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COPING & HEALING

DEALING WITH LOSING A CHILD:
GRIEVING PROCESS

Now that you have made arrangements for your child's burial, you may wonder how you will be able to move on with life. One of the first steps to healing is to give yourself time to grieve. Getting over the loss of a child is a painful and long process that can be physically and emotionally draining. Although the grief can at times become unbearable, grieving is healthy and essential for recovery. Some people try to suppress or deny it, but when grief is ignored, it will eventually manifest in different and sometimes harmful ways in the future.

Grieving will involve passing through many overlapping emotional phases. It has been said that the pain we experience during the grieving process (emotional, spiritual, mental and physical) is a tribute to the love we have for that person. It is important to remember that the pain of losing someone does subside over time and people do discover that there is hope after death.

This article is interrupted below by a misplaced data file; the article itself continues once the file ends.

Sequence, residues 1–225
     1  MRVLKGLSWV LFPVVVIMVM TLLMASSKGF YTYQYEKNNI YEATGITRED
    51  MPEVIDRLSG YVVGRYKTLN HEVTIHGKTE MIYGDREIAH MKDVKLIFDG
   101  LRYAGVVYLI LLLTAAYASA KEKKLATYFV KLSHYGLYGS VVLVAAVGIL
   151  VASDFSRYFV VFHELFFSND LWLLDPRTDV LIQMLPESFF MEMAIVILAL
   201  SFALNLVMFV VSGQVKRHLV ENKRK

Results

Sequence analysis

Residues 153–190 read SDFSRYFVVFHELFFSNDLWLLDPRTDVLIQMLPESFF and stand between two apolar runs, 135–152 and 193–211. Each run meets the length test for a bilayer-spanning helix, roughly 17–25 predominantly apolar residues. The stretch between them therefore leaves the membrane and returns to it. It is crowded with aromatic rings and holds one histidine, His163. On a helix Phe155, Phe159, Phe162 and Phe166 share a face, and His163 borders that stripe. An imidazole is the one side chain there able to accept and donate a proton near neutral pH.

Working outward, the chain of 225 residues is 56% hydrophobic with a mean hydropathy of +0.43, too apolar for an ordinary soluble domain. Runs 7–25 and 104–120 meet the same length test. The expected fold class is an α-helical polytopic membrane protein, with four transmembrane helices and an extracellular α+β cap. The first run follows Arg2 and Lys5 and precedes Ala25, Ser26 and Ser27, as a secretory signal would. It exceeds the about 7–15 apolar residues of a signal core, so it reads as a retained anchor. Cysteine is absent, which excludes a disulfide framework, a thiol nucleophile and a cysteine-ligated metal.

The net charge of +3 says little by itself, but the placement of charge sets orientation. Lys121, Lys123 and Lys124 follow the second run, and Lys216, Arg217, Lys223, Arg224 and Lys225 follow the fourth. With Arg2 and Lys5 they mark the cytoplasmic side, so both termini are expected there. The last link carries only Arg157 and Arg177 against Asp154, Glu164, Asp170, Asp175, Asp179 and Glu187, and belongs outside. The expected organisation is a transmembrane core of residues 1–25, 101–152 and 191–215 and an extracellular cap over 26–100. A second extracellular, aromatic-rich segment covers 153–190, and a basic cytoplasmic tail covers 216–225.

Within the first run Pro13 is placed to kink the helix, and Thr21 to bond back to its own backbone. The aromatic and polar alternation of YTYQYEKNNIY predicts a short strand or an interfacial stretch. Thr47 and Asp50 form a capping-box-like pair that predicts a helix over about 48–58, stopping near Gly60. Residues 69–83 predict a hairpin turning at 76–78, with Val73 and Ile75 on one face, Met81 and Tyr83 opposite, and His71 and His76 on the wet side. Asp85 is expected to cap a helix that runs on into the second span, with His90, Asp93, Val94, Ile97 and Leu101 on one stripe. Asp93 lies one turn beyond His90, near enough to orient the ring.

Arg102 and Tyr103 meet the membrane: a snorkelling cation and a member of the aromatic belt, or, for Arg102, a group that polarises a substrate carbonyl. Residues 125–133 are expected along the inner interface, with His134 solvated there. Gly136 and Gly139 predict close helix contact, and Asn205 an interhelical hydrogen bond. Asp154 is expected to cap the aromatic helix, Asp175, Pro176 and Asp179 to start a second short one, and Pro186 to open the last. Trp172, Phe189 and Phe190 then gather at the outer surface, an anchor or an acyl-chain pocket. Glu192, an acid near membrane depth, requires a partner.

Your spiritual and religious beliefs may offer some consolation. If you have some spiritual concerns, schedule a meeting with your rabbi, minister or priest to talk about what is troubling you. Ask for their support in renewing your faith and helping you come to terms with your child's death.

There are many self-help books and articles written about dealing with grief that may also give you some direction. A quick source of information about grief and the healing process is Hospice Net, which gives the following advice for getting through this difficult time:

  • Acknowledge and express your feelings openly. Talk about it with friends, bereavement counselors, clergy or support groups.